BRAC founder and Chair Emeritus Sir Fazle Hasan Abed has won the prestigious Yidan Prize, the largest international prize in education, for his groundbreaking work on education development.
The Yidan Prize Foundation made the announcement in a statement on September 19, 2019, said a press release.
From the beginning of his foray into development work, Sir Fazle viewed education as a crucial catalyst for change. To date, more than 12 million children have graduated from BRAC’s pre-primary and primary schools. BRAC offers holistic and joyful learning solutions with play-based early childhood development centres, primary and secondary schools, adolescent learning programmes, and also operates a university.
Dr Charles Chen Yidan, founder of Yidan Prize, said: “Knowledge attainment is an area that transcends racial, religious, economic and national boundaries, affecting everything from human health and the environment to well-being and personal fulfilment. I hope every country and region can benefit from the results of the best research and education development work, helping to create a better world through education.”
Currently, BRAC is running a total of 656 play labs across Bangladesh, Uganda and Tanzania, reaching out to around 11,500 children every day. The BRAC Institute of Educational Development has also developed a play-based solution called the Humanitarian Play Lab (HPL) model to help refugee children learn and heal from trauma.
Thanking the Yidan Prize authorities, Sir Fazle Hasan Abed said: “Early childhood is a critical time to provide learning opportunities to children to ensure optimal development. BRAC is engaged in research on play-based learning for children from 3-5 years including displaced children living in refugee camps and suffering from trauma, whose well-being and resilience can be enhanced through play. I hope the world’s leaders will realise the potential of this play-based education model to develop more socially and emotionally intelligent individuals who are able to live happier, conflict-free lives.”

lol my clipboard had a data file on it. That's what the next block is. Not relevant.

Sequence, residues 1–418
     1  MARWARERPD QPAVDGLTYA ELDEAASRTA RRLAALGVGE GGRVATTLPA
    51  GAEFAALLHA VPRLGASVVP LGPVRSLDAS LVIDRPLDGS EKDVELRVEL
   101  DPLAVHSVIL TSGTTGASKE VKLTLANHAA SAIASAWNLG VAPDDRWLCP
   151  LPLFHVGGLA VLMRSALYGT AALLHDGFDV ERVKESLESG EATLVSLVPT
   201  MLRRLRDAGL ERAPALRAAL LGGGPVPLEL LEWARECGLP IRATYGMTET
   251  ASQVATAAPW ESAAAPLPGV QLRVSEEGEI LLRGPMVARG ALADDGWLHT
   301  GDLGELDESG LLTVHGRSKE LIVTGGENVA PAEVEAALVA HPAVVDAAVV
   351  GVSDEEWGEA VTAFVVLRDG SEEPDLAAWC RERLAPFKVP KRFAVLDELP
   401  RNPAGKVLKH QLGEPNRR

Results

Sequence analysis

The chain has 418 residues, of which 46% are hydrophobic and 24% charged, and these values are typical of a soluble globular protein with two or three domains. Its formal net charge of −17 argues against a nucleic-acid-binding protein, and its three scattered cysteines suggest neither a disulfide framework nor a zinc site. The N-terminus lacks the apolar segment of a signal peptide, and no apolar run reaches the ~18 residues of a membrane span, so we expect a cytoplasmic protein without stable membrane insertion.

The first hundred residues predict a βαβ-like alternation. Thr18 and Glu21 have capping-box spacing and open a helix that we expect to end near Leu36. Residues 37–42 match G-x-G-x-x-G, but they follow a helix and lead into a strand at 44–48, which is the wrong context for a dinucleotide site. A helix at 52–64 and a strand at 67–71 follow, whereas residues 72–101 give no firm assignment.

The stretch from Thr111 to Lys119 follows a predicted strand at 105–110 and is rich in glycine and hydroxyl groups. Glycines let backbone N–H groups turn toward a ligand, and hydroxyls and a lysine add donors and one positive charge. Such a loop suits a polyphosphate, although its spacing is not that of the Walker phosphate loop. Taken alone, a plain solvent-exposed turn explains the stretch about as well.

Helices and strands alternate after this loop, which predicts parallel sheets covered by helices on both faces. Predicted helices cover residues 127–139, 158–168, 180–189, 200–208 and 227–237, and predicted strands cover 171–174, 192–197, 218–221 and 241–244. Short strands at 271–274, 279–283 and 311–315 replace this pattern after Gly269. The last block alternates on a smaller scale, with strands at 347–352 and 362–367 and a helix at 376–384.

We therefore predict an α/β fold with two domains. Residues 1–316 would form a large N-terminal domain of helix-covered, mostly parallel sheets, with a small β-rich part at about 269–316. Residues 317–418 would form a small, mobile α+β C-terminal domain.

As a Yidan Prize Laureate, Sir Fazle will receive a gold medal during the award presentation ceremony in December in Hong Kong and HKD 30 million (around USD 3.9 million or BDT 33 crore), half of which is a cash prize and the other half a project fund.
“The very generous Yidan Prize funding will allow us to expand our education activities. We plan to use the funds for two purposes: strengthen our existing basic education programme, and establish new Play Labs,” Sir Fazle added.
Originated in Hong Kong, the prize, managed by the Yidan Prize Foundation and governed by an independent trust, consists of two awards: the Yidan Prizes for Education Research and Education Development. This year, the prize for Education Research is going to Usha Goswami, professor of cognitive developmental neuroscience at Cambridge.
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